Lodge Lab Research

Cryptococcus neoformans is a significant fungal pathogen, particularly in immunocompromised patients, that causes pulmonary infections and meningoencephalitis. It has been estimated that over 1,000,000 new cases of Cryptococcus occur, with over 650,000 deaths per year. The majority of these cases are in parts of Africa.


The fungal cell wall is an essential organelle, vital for maintaining cell integrity against various chemical, physical and biological stressors. This complex structure, immediately adjacent to the plasma membrane, serves several biological functions. Its cohesive structure, linked by covalent and hydrogen bonding or other types of interactions, provides great strength and stability. In this way, the cell wall prevents bursting that would be caused by internal turgor pressure and protects against external mechanical injury. The cell wall is the primary determinant of cell morphogenesis, and is constantly being remodeled to allow for growth, cell division and transitioning from yeast to branching hyphal forms to structures of sporulation. Since it is present at the cell surface, the cell wall interacts with the environment. In the case of pathogenic fungi, host defense systems are often directed against cell wall components. The cell wall has long been recognized as an ideal target for antifungal therapies because it is essential for fungal cell viability and many of its components are absent from the mammalian host. Fungal walls are primarily composed of polysaccharides and proteins (principally mannoproteins), along with other components, including lipids, pigments and inorganic salts, and have largely been studied in the model system Saccharomyces cerevisiae. Cryptococcal walls are considerably more complex, containing 1,3-glucan, 1,6-glucan, a-1,3-glucan, chitin, chitosan, melanin, as well as mannoproteins and other proteins.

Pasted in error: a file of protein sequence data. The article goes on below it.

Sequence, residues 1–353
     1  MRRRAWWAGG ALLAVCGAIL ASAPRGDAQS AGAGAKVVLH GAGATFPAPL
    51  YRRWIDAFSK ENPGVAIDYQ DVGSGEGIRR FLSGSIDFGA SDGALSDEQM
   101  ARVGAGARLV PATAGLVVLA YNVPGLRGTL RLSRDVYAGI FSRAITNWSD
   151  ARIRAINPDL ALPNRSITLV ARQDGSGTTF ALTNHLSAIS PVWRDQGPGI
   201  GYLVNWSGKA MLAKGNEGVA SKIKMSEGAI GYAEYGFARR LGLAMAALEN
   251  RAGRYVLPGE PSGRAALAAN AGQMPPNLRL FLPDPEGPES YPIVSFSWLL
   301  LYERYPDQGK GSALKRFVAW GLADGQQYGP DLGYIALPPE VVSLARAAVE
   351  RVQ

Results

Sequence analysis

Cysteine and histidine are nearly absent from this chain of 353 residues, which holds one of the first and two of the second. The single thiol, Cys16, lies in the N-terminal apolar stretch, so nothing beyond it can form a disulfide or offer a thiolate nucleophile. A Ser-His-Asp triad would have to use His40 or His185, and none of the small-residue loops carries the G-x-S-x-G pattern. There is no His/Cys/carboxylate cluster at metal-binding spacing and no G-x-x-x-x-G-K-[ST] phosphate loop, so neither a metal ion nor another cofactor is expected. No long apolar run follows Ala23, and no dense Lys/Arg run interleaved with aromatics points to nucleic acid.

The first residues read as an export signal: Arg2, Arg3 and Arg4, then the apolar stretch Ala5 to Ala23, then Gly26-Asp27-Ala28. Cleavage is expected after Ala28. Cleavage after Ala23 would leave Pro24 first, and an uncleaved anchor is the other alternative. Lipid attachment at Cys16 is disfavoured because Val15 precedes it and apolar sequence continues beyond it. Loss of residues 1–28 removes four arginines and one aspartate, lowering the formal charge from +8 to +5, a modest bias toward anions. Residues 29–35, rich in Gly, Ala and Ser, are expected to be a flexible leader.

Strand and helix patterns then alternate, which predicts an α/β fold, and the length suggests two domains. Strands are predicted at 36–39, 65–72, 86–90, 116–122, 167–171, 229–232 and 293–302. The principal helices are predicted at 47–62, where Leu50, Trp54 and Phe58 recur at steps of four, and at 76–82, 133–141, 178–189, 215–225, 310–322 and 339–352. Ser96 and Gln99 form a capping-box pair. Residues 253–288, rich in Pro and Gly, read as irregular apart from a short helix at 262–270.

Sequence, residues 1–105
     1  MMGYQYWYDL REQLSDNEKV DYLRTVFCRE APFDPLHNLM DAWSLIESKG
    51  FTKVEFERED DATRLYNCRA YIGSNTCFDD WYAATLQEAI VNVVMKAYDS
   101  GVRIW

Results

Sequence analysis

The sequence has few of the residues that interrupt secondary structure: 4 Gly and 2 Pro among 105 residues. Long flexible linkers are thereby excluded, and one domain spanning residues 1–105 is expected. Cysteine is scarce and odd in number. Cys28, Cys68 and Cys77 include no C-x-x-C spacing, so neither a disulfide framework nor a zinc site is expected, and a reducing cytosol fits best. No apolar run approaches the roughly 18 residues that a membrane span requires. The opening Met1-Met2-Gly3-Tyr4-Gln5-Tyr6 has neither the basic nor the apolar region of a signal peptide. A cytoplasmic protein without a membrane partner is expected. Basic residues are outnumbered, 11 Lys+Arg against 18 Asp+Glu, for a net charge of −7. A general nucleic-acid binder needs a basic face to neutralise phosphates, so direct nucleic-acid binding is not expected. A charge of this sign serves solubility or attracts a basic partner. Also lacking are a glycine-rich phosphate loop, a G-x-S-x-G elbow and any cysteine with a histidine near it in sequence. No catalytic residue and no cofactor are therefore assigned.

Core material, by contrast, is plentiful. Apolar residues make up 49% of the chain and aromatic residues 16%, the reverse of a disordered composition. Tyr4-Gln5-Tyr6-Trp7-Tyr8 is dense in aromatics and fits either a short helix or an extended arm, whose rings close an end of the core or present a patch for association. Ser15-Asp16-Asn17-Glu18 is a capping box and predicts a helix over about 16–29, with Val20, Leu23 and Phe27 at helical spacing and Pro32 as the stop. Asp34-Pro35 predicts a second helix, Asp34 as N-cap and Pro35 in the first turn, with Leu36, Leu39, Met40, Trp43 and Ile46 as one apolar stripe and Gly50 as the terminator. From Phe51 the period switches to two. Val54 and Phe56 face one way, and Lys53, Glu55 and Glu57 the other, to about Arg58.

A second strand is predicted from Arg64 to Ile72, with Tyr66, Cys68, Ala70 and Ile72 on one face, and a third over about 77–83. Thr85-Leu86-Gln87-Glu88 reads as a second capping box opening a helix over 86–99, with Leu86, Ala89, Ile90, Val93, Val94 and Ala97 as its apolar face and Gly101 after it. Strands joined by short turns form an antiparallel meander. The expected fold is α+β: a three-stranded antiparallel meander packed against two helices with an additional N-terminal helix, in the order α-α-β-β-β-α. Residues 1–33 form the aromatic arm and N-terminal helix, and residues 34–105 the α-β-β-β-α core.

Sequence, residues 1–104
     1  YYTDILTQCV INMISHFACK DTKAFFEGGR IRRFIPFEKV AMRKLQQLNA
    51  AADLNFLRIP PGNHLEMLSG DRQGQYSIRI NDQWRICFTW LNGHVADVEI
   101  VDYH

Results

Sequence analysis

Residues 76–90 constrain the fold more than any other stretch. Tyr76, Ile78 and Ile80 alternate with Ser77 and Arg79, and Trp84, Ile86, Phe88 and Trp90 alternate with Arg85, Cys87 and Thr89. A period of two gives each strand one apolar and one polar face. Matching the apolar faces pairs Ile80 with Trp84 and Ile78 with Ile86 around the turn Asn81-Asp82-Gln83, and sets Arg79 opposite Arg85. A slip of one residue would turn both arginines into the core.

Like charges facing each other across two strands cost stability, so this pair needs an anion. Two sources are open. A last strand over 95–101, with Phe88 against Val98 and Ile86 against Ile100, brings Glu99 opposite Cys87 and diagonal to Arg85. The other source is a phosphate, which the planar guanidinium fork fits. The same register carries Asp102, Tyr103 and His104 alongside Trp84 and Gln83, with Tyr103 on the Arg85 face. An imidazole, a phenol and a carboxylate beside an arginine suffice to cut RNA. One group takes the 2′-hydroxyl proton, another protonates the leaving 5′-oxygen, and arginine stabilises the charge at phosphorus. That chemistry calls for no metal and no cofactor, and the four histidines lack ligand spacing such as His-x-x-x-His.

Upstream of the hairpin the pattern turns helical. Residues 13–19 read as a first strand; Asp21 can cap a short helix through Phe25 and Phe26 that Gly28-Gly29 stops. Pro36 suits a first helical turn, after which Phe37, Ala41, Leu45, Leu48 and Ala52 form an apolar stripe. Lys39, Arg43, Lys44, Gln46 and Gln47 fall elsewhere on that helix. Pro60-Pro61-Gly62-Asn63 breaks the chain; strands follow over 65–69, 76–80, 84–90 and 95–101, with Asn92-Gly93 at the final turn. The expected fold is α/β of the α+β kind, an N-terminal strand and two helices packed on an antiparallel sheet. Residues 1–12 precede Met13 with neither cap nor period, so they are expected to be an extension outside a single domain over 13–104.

It is important to understand the biosynthesis and regulation of fungal cell wall, especially because they are essential organelles that have been successfully used as targets for antifungal therapy.


We have demonstrated that chitosan is an abundant component of Cryptococcus cell walls, both during vegetative growth and infection of mammalian lungs, and that it is a critical component of the wall during infection. Three independent lines of mutants that have defects in chitosan production are all completely avirulent, and rapidly cleared from mammalian lungs. This data suggests that chitosan biosynthesis is a highly attractive anticryptococcal target.  We have explored genes that contribute to chitosan production, and shown that only one (CHS3) of eight chitin synthases, and one (CSR2) of three putative chitin synthase regulators substantially impact chitosan levels. In addition, we have demonstrated that three of four potential polysaccharide deacetylases produce chitosan, and are currently investigating the role of each of these in chitosan production. Our current models of chitosan biosynthesis suggest that a complex of a specific chitin synthase, a regulator and a chitin deacetylase are located in a membrane and together, produce chitosan.


Multiple signal transduction pathways detect the environment and are used by fungi to respond to stresses. We have shown that the PKC1 pathway (aka the cell integrity pathway) has a role in response to antimicrobial defenses that are found in the human host, including oxidative and nitrosative stresses and chitinases.  Our lab is exploring the role of upstream signaling molecules that detect and transmit these stresses, and determining mechanisms of how C. neoformans protects itself from these stresses.